It isn't all about money. Giving your time by volunteering to helpthe school
, can be a huge gift.
Although we cannot run formal volunteering programmes, we would be delighted to discuss opportunities with you and introduce you tothe schoolandUmivita, if there is a role for you that would benefit everyone. We will work closely with everyone to make sure that your efforts are enjoyable, well-organised and genuinely useful.
Volunteers so far have done all sorts of things to help the school, including helping in class, providing administrative assistance, helping with dance, drama, craft and sport lessons, decorating or improving the school environment, or just playing with and taking an interest in the children's lives. Besides helping at the school, which tends to attract its fair share of volunteers, people willing to help Umivita are warmly welcome, particularly with office administration, planning and fundraising.
Here is a note from Blundell School students Alistair Chilcott and Olivia See's recent volunteering trip to the school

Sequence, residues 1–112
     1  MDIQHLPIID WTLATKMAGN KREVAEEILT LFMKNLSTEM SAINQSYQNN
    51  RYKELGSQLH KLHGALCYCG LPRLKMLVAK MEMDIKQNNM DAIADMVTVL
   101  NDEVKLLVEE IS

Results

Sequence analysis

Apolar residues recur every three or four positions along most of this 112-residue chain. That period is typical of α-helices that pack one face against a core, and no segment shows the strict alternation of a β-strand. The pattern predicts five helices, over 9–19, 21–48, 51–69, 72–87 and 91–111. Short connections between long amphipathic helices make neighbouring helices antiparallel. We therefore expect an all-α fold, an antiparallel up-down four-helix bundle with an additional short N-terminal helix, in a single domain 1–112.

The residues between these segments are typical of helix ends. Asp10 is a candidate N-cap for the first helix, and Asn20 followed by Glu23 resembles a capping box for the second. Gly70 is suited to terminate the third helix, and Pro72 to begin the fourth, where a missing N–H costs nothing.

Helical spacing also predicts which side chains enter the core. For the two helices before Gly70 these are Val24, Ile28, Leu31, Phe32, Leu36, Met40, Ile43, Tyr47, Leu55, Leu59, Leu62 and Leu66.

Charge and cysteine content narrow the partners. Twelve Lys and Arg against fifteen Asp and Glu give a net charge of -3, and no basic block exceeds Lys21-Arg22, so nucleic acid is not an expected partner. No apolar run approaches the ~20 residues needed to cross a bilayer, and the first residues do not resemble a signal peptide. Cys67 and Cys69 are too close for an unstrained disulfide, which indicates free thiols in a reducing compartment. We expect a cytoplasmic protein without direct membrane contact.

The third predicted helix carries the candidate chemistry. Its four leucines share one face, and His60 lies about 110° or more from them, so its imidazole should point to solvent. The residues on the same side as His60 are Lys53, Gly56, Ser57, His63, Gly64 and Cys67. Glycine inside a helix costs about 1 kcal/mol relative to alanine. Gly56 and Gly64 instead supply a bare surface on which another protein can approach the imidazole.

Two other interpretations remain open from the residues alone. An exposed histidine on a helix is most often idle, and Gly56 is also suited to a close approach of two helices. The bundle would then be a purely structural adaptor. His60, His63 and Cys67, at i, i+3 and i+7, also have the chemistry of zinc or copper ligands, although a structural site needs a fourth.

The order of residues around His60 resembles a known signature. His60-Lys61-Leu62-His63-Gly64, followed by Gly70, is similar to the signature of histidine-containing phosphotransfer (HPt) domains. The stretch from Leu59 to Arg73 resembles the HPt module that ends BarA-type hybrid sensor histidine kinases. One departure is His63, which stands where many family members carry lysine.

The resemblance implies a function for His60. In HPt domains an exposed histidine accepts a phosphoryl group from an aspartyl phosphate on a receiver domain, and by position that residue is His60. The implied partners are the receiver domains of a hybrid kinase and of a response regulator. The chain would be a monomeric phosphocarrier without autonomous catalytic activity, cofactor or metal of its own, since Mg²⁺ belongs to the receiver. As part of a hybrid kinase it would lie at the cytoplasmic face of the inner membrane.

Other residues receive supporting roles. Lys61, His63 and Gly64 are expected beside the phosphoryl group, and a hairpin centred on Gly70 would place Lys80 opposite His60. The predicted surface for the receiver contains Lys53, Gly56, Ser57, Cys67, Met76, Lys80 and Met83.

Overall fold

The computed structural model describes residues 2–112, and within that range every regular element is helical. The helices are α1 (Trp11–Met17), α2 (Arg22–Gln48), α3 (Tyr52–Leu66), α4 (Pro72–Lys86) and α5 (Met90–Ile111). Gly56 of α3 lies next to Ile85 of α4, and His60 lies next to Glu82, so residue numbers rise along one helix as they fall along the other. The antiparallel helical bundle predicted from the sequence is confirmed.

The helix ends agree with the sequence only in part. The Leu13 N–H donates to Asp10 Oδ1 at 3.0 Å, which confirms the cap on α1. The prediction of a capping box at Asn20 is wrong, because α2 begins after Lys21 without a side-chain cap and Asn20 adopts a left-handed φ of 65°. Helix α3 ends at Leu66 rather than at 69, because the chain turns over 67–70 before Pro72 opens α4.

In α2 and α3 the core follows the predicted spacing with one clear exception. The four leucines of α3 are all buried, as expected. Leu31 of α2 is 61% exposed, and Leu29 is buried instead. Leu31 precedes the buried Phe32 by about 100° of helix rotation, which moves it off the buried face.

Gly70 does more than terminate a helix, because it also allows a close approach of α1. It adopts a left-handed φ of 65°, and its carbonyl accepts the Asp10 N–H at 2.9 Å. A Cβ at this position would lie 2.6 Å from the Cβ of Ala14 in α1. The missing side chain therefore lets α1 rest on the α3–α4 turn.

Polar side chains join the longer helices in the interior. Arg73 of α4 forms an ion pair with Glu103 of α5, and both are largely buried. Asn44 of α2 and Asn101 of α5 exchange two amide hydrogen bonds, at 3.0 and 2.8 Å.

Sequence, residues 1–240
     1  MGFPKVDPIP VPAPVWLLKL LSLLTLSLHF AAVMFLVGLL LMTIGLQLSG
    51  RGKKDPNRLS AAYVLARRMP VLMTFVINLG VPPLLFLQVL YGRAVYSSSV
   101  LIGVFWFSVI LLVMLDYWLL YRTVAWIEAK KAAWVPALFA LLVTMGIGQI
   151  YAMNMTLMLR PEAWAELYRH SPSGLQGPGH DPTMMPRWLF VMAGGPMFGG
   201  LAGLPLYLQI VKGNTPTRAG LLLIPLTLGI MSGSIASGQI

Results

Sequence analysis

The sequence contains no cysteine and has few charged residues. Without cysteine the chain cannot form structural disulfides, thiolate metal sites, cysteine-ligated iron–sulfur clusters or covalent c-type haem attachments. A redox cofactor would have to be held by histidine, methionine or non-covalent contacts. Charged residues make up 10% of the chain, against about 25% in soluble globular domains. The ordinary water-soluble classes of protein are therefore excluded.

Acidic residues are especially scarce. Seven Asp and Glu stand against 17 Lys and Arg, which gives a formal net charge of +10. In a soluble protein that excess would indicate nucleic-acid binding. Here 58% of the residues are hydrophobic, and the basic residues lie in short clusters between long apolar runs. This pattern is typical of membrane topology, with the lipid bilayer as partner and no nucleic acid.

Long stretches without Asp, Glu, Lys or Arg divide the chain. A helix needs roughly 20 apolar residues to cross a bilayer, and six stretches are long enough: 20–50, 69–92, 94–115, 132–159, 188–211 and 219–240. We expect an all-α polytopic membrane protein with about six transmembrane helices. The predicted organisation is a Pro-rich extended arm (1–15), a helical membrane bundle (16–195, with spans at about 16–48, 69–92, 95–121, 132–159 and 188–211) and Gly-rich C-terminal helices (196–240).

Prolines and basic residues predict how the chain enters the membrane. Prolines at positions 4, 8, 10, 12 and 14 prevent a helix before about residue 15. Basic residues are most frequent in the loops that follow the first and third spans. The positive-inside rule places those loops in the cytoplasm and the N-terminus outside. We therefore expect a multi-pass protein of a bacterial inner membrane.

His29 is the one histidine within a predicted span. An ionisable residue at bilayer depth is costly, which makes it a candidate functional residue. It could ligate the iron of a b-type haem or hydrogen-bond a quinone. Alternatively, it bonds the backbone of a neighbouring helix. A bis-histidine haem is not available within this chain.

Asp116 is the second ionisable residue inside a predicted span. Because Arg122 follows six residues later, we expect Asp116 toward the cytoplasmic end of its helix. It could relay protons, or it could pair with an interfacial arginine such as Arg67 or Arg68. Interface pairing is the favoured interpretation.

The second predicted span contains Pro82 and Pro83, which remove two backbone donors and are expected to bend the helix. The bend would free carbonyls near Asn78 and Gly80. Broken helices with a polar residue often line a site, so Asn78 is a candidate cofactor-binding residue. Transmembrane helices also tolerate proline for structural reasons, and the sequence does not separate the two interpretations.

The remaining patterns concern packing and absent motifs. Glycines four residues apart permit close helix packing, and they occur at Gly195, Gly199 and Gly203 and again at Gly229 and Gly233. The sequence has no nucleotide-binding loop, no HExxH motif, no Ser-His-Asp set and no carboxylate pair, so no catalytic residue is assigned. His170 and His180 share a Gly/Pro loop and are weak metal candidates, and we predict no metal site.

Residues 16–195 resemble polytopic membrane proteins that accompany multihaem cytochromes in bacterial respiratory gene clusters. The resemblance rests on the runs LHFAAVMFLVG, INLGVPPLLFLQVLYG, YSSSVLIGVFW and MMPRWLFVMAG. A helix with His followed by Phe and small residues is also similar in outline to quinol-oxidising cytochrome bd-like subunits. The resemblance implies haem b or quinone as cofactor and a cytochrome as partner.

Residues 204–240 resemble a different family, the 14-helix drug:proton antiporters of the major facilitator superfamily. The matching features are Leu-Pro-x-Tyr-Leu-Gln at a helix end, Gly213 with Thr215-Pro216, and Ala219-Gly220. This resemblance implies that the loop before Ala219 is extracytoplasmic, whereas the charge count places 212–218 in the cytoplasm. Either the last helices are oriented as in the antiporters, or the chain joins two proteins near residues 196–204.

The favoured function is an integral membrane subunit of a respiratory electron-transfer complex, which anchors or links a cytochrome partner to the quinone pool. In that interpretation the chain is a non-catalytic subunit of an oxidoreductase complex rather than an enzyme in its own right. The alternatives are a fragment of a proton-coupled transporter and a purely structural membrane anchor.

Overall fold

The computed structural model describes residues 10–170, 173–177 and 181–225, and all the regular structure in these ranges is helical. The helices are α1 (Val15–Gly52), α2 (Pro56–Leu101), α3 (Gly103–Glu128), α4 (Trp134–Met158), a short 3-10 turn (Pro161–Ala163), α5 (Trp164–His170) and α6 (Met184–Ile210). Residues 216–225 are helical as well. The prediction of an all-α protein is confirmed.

Alex, in his own words: "Having finished University I wanted to do something different before finding a job, so next thing I knew I was in the African sun being bombarded with questions by what felt like half the population of Tanzania! After some first day nerves, I soon worked out that I was definitely in the right place. That feeling of it being right must have stuck, as I have now been a further two times, and am planning my 4th trip for later this year.... It took me a while to realise that even if I didn't dig a well, or single-handedly construct a building, just being in the school gives the children a great lift. Many of them just want someone to make THEM the centre of attention, which they don't get otherwise, and giving them time and room to express themselves is an incredibly uplifting and gratifying experience. Realising that you have made even a small difference makes the sweat and the mosquitoes worthwhile a thousand times over. Staff, pupils, indeed everyone, will fall over themselves to make you feel happy and welcome, and there is always a job to be done, a class to teach, football to be played, a mango to be eaten! Or, if it all gets a bit too much, a sea to be swam in and some sun to be soaked up... Buguruni School for the Deaf is a fantastic place, and I really could not recommend highly enough spending some time with the wonderful students there, seeing the world they live in, and also being looked after by wonderful Nuns. It is such a vibrant and happy place, absolutely everyone should treat themselves to a visit.."